» » L2B Blog: What makes for great building design?

L2B Blog: What makes for great building design?

What makes for great building design?

What makes for great building design… There is a unique mind inside the head of an architect that is magically able to juggle numbers, lines and angles, along with creative possibilities that most of us cannot fathom. Architects have a strong understanding of all building disciplines, including structural, electrical and mechanical.

This takes Smarts. And while simply being smart does not make you a good architect, it does give you a good foundation. You must be able to determine the necessary calculations to make buildings work, understand the properties of the materials you are working with, and create safe and sound structures from start to finish.

A good design should consist of the following characteristics:

1. Sustainable

Sustainable construction considers the complete lifecycle of a building, from the choice of initial materials to demolition and recycling and refers to the use of environmentally preferable practices and solutions in each of the phases.

2. Accessible

What is a good design if it’s only available to some? The concept focuses on enabling people with disabilities, or special needs, or enabling access through the use of assistive technology.

3. Functional

This should be the simplest attribute of good design, but it is often the hardest to achieve.

4. Well Made

Architects don’t make anything. The architects say how well a building is built is limited to a set of instructions they provide. In the end, people that actually build it have little to no actual interaction with the architect. This means the instructions better be good, and just as important, easy to understand.

5. Emotionally Resonant

Every design should be an attempt to stir the senses.

6. Enduring

Buildings need both structural and aesthetic longevity. It’s important to innovate, but you don’t want a design that looks outdated before that last coat of paint dries. The time frame for enduring is uncertain.

7. Socially Beneficial

Whether you like it or not, all architecture is public architecture. Architects have a responsibility to look both within and beyond the walls of buildings to see what they can do to help.

8. Beautiful

Beauty is subjective, right?

9. Ergonomic

Buildings must relate to the scale of the people that inhabit them. Often this idea is lost in the array of 3D computer modelling technologies that architects use these days. Stop and take a step back. Put a person in that model. Even if they’re digital.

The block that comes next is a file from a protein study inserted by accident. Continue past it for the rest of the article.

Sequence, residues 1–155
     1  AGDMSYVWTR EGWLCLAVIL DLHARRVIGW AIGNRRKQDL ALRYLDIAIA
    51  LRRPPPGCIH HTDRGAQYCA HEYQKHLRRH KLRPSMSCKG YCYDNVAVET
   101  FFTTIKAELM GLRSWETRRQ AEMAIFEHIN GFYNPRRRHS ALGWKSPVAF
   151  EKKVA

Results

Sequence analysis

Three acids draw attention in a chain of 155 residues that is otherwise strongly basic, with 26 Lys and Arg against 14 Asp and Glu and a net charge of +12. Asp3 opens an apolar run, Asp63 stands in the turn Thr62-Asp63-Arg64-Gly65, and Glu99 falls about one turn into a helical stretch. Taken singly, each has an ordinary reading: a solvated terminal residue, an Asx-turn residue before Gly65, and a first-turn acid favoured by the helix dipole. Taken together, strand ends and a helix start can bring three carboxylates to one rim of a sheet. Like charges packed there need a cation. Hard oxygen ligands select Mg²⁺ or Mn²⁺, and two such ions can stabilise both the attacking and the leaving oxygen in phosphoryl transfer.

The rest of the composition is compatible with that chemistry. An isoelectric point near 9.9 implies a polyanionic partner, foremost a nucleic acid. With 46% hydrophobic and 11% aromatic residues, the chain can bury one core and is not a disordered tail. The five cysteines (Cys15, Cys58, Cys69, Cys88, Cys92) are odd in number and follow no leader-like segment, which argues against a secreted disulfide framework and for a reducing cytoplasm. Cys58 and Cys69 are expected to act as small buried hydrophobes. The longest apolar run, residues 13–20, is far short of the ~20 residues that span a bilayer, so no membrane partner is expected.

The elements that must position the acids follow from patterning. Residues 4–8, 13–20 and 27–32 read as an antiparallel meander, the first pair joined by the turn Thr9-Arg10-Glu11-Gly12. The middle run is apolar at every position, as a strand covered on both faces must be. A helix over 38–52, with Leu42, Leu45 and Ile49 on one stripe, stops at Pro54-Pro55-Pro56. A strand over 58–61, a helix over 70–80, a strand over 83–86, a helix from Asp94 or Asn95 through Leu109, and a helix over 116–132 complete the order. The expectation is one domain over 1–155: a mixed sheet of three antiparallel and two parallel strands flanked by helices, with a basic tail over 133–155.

10. Affordable

Creating affordable architecture is more difficult. It involves entrepreneurship on the part of the architect. An upfront investment to invent an affordable solution that the masses can afford.

Being an architect is more than just drawing and building. It involves social skills, a knowledge of engineering, math, science, physics and several related topics; dedication and drive; and, most important, the ability to design.

http://www.modative.com

https://en.wikipedia.org

 

If you are interested in becoming one of our subscribers, please visit our website.

To view notes with screenshots on how to use our website, please visit our Wiki site.

To view more articles, please visit our blog.

 

About Nadine Vermeulen

I started working at Leads 2 Business in October 2014 in the Leads 2 Quotes Department. I managed all the Daily Tender Bill Requests and followed up on BoQ's for our Daily Tender Subscribers. In 2017, I was promoted to L2Q Assistant and now work with Bill of Quantities for Contractors. 🙂

2 Responses

  1. Mthulisi Msimang
    | Reply

    Interesting article. But I believe item 4 is inaccurate, in its claim that people who build have no interaction with the architect. This is only true in some instances. Yes, architects do not make anything per se, but their involvement generally does not end with the issue of instructions/ drawings. Architects are usually intimately involved during construction, which provides them not only the opportunity to guide, refine and clarify these instruction, but allows them to issue further corrective instructions should the need arise.

    • Eldary Carpenter
      | Reply

      Hi Mthulisi, thank you for your feedback.

Leave a Reply

Your email address will not be published. Required fields are marked *